Mr. T makes a mean salad. I'm one happy (and full) pregnant lady.
While Miley Cyrus was busy getting down and dirty on stage at the VMAs (goodbye childhood), I was fast asleep (or something like it) preparing for the all-important glucose test to find out if Little Z has come with the fun accessory of gestational diabetes (cross your fingers that it's a no!). Luckily, the Israeli system has a overly sugary lemonade-style drink, which outdoes the disgusting, throat-burning orange soda stylings of the U.S. healthcare system's diabetic testing process.
The hour that I was sitting idle waiting for jitters to set in (they didn't), and without an iPad (had to sell it to pay the rent), I spent people watching. Efrat, where the medical center is, is across the main highway that runs through this region, and is very friendly to the English-speaking community. It's interesting how clearly American some folks are, but how they can turn their Hebrew off and on like a switch (with a pretty impressive accent, too).
I also felt reassured that babies seem to know when there's a pregnant woman nearby. I swear babies look at me like they know something, like they have a direct line into my uterus and see what's going on. Have you ever had a baby look into your soul? Yeah, I feel like that regularly.
Last week we went for the "big scan" where they check for organs and limb length and heart development. Unfortunately we didn't land many good pictures because Little Z was moving around like a maniac (same during the first ultrasound), and I appear to have an anterior placenta, meaning that it's both difficult to feel much movement at this point and to get clear pictures of the baby without forcing it to move (which, by the way, the guy did and I've been sore in the tummy ever since). The most beautiful things we experienced with Little Z were seeing the spine and ribs and hearing the heartbeat. We did get one good picture, in which Little Z looks just like a lot like Mr. T and, it appears, is holding a microphone and doing karaoke in-utero (that's my kid ... but it's probably the fist).
As I approach my 25th week, the flutter of insane "OMG AM I READY!?" thoughts are whipping up a storm. If it's a boy can I handle the bris? (We went to a friend's baby's bris last week and that little wail kills me every time.) If it's a girl can I handle the possibility that she's going to be as bratty and as much of a pain in the tuches as I was?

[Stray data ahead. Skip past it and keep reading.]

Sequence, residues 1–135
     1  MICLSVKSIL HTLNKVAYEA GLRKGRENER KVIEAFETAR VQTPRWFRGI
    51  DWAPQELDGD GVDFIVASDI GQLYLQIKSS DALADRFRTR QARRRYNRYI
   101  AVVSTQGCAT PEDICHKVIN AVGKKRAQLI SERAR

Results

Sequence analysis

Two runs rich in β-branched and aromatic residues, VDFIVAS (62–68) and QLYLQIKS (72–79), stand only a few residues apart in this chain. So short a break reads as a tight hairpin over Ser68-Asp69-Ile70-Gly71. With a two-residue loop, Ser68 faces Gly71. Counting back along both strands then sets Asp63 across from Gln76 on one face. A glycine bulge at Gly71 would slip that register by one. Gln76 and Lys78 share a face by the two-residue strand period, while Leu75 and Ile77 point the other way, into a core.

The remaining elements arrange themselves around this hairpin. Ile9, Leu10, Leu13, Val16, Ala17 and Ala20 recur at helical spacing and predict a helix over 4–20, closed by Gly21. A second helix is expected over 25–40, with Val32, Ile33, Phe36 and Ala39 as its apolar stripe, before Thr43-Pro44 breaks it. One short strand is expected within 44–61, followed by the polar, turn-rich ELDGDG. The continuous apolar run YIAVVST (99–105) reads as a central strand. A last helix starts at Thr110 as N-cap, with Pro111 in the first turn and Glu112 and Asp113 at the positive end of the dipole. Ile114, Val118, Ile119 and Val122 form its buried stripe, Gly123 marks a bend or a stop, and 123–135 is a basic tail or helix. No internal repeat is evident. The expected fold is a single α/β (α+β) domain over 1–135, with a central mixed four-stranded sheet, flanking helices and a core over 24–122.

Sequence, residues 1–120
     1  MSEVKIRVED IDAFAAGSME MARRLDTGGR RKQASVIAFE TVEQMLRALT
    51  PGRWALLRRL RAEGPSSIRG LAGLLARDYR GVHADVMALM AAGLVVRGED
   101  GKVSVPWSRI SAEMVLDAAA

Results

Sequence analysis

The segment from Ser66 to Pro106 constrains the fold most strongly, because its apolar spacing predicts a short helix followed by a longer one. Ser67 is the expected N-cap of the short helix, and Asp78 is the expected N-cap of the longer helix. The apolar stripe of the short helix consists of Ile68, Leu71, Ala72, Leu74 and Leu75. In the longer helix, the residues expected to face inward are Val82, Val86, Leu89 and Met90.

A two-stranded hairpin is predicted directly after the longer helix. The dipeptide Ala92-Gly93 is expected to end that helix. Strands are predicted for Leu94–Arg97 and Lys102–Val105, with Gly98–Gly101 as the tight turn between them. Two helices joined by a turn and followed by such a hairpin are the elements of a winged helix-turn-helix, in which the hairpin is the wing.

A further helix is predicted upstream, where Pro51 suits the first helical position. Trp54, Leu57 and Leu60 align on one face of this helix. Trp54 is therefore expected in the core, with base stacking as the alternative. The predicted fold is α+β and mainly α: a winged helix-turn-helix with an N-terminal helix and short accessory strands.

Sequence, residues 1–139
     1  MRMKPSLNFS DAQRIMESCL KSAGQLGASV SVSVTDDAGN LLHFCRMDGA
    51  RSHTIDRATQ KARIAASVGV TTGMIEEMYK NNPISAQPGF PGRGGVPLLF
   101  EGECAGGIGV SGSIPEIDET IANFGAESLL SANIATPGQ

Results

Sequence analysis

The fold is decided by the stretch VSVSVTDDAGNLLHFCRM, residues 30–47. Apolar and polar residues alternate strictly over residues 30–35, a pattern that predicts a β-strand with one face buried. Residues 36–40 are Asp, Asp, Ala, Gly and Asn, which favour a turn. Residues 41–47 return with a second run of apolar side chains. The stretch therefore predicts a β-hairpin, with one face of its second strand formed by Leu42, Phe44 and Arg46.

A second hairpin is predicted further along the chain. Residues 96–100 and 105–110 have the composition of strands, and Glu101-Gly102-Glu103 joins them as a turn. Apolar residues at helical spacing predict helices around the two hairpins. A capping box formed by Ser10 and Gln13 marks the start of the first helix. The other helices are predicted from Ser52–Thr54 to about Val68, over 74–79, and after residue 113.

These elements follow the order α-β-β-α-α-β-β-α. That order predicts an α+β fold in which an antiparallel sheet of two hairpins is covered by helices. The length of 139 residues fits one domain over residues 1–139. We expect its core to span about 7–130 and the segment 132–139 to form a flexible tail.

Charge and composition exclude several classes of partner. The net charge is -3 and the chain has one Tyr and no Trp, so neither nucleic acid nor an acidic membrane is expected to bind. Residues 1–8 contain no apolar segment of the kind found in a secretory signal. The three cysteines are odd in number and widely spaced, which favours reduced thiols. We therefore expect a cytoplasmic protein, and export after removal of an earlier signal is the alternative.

What do I need when the baby comes home? Wait a second, I have to choose a hospital? Will a larger apartment appear so that we don't have to eventually put a new baby in a room with a 10 year old who has had his own space his whole life? A birthing plan? Do I need a doula (midwife)? Do I know enough about breastfeeding and diaper-changing and not getting any sleep ever for the rest of my life (not that I get much now anyway)?
And then, today, while sitting in a coffee shop working, Little Z started acting like a mad person flipping or hopping or doing a jig of some sort ... I felt bumps and lumps and for nearly a minute all the insanity of glucose tests and cloth versus regular diapers and the reality of never sleeping ever again drifted away.
There's a baby in there. That's weird. Have you ever considered how absolutely bizarre and strange it is that a human being can grow another human being? I mean, that's miraculous, folks. It's weird, but miraculous. And for someone like me -- who for the entire extent of my first marriage didn't want to have kids because things weren't good and then swore off children -- the fact that I got pregnant so quickly after getting married and after being off birth control for a millisecond after 12 years of being actively on the pill ... I mean ... how does that happen?
Sometimes, I'm able to marvel at the life I lead. It's nothing glamorous. It's nothing special. I'm light years away from the free and single New York City-dwelling journalist superstar I thought I'd be 10 years ago.
Last night, before drifting off to sleep (and before Miley's crazy teddybear-inspired hump fest), I checked my social streams to find one of my former copy editors, who I managed what feels like ages ago, tweeting and instagramming from the VMAs as an editor at Mashable. For all intents and purposes, he's leading the life I dreamed for myself so long ago.
And yet, here I am, going through the motions of a first-time mommy, anxiety about nesting and doing the right thing and raising kids right in tow.
HaShem has a funny way of taking us through life. But I wouldn't have it any other way.
Note: If you don't have the app Timehop, you should get it. Every day I wake up and look at my life a year ago, two years ago, and even five or six years ago. Not everyone is nearly as social as I am online, of course, but it's quite the interesting adventure.